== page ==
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Thread: Cycling NEWS

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    Abomination Johnny D's Avatar
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    Quote Originally Posted by Cristi View Post
    Fi-le-ar ciclismul al dracu’ sa le fie, in loc sa il dea pe Nadal tre’ sa ne uitam la plictisitorii aia...
    How can one differentiate good guys from bad guys in this day and age?
    I think good guys don't know what they deserve, while bad guys think they deserve everything.

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    Адриан Михай liverpool-kid's Avatar
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    Ai postat si tu cand s-a terminat 😂

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    Pro Memoria miril's Avatar
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    Julian Alaphilippeeeeeeeeeeeeeee!!! Campion mondial! Sa vedem ce zice Tony Gallopin.
    "The minority is sometimes right, the majority always wrong." - A Progres...sive Thinker

    "If you support a team that fails to win the league for years, it does feel like a kind of cult'." - Salman Rushdie

  4. #1390
    Pro Memoria miril's Avatar
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    Posibilul adevar despre succesele britanicilor in ciclism in ultimul deceniu.

    Golden years tarnished by stain that won’t go away

    So a second hunt is under way in British life. After a week wondering about a “royal racist”, we must turn to the unnamed doping cyclist from Team Sky in 2011. What ignominy.

    Who was the Testogel for? We should want to unearth this mystery cheat because they are the real villain, not Dr Richard Freeman, even if he was found guilty by a medical tribunal of ordering testosterone “knowing or believing” it was for the purpose of doping.

    Freeman has shown himself to be many things — hopeless at keeping records, sadly fragile in his mental health, a repeated liar — but he is no one’s idea of a doping mastermind. No one believes that Freeman woke up one day and decided, of his own accord, that he would experiment with an anabolic steroid on a random rider.

    Someone wanted those 30 gels to cheat in bike races. Will Freeman keep protecting them, now that his own story has been trashed by the tribunal as a pack of lies? There are more bombshell truths waiting to be told. Perhaps the doctor should sit down with Oprah.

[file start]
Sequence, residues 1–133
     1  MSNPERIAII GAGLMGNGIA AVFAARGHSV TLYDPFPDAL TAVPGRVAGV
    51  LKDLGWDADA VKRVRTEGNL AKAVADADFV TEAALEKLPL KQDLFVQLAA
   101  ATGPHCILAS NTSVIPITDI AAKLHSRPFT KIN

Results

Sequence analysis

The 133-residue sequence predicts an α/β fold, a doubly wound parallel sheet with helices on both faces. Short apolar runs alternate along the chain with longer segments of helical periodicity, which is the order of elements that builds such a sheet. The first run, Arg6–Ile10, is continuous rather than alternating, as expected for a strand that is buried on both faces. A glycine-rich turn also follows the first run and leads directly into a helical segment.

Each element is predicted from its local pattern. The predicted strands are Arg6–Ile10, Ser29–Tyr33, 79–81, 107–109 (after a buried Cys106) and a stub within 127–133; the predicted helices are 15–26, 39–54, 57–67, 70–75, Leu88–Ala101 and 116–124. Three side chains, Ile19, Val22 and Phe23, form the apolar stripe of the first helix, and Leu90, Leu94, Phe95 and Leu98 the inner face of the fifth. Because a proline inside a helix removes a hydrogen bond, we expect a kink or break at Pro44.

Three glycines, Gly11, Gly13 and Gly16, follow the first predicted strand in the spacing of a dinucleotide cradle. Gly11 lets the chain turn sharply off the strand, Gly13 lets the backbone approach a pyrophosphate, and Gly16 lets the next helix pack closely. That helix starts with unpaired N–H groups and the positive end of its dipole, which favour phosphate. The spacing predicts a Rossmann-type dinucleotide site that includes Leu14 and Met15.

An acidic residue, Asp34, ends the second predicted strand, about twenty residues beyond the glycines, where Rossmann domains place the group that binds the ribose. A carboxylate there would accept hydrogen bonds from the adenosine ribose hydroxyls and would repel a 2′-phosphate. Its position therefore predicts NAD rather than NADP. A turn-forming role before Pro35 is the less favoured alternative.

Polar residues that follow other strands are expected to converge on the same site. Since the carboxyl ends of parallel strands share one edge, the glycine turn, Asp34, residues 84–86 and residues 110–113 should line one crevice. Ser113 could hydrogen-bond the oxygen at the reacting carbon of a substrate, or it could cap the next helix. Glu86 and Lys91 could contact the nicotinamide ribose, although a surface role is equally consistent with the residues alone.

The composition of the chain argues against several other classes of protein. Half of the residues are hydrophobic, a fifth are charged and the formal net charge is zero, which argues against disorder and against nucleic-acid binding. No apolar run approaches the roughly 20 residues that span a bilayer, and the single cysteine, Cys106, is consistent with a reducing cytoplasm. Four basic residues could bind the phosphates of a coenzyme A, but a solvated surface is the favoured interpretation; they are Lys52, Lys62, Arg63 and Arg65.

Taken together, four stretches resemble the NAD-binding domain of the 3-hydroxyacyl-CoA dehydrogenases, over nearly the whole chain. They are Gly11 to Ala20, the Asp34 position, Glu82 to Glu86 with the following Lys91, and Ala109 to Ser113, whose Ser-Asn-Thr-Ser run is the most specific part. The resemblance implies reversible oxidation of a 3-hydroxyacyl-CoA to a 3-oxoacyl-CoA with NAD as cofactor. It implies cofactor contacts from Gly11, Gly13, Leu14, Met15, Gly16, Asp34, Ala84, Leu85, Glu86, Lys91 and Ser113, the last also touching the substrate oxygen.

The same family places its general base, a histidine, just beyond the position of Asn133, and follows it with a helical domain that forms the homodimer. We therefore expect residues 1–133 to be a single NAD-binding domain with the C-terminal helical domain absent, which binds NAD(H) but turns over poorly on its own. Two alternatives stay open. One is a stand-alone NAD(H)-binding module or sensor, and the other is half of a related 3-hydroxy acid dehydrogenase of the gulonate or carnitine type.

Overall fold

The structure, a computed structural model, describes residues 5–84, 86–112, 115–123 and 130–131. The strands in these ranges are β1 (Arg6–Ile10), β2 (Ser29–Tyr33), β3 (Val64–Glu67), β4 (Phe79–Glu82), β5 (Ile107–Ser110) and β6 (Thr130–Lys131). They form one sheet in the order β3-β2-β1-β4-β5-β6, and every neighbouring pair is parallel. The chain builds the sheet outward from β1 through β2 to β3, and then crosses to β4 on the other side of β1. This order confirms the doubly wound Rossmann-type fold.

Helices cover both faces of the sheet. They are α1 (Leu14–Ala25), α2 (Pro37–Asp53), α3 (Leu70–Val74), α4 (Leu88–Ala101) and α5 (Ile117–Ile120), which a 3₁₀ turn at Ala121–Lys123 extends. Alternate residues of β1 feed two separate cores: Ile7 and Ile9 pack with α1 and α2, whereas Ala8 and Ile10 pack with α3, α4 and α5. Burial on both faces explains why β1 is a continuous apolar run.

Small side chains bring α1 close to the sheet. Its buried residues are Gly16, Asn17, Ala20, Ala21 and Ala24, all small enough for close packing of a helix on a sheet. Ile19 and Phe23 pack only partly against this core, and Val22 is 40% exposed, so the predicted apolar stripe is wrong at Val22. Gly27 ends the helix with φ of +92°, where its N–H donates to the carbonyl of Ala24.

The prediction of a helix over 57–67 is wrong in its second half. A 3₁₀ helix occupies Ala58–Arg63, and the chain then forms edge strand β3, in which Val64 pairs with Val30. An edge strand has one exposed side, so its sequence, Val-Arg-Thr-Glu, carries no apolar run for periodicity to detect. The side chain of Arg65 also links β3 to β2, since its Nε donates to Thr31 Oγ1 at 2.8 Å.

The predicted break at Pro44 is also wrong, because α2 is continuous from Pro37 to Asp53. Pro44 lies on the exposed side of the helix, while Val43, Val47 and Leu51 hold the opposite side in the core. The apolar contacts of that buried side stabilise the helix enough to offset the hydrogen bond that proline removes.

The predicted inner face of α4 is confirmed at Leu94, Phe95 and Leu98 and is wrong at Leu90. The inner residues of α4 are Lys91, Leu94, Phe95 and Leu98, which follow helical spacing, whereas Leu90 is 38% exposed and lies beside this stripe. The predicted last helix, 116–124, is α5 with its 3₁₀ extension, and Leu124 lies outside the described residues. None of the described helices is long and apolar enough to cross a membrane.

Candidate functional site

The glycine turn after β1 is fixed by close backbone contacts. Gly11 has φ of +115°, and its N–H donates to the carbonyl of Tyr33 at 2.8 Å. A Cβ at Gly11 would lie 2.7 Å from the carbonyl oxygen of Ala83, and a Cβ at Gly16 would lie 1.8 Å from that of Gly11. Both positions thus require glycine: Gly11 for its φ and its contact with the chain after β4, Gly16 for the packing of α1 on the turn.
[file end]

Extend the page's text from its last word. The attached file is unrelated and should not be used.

This has been a wretched week for British institutions in whom many have invested so much faith and trust. You believed, you cheered — perhaps got out the Union Jacks — and are left feeling, well, what exactly? Anger? Sadness? In the case of cycling, perhaps even foolish.

    What do we always tell ourselves when something looks too good to be true? We knew the great British cycling boom could never be perfect but this is one hell of a nasty stain, the type you can never wash out.


    According to the Medical Practitioners’ Tribunal Service (MPTS), Freeman, then the team doctor for British Cycling and Team Sky, ordered testosterone — a doping drug of choice for cyclists — knowing its dark purpose. No grey areas. No quibbles over ethics. Not “cheating within the rules”, as one key figure has always insisted was as far as anyone went, but ordering an androgenic anabolic steroid, in 2011, for someone to dope.

    British sport has known its drugs scandals — bans for Linford Christie and Dwain Chambers in athletics, and the cyclist David Millar are among the most high-profile — but yesterday’s finding equals any in its ramifications. It is a nightmare not only in what it reveals but in the questions it asks. Who was it for? What is the truth, if Freeman’s various versions have been destroyed? Are we expected to believe that no one else at Team Sky knew what he was up to?

    Ciclism MB.png

    According to evidence presented to the tribunal, these gels point to someone who knew what they were doing; perhaps chosen, as an expert witness said, as the best way to avoid detection via micro-dosing, used to “promote muscle growth, reduce muscle catabolism and hence aid recovery”. The gels “may also have a behavioural effect that will increase competitiveness”. Many cyclists have turned to testosterone to cheat this way.

    There is so much still to know — and UK Anti-Doping will continue its investigations — but we should give thanks to superbly persistent journalism by my colleagues Matt Lawton and David Walsh that we have discovered this much. Both forced investigations that have raised massively uncomfortable questions not only for Freeman but for those fêted knights of the realm, Sir Bradley Wiggins and Sir Dave Brailsford, about what was happening within the team during those early years of Team Sky, before the historic first Tour de France victory, for Wiggins, in 2012.

    The “jiffy bag” saga, of a medical package delivered to Freeman in June 2011, a month after the testosterone arrived at the velodrome, remains unresolved. Those triamcinolone injections for Wiggins in 2011, 2012 and 2013, before three grand tours, all approved under the therapeutic use exemption (TUE) process, have raised serious questions about gaming the system. Even Shane Sutton, Wiggins’s coach at the time, called them “unethical”.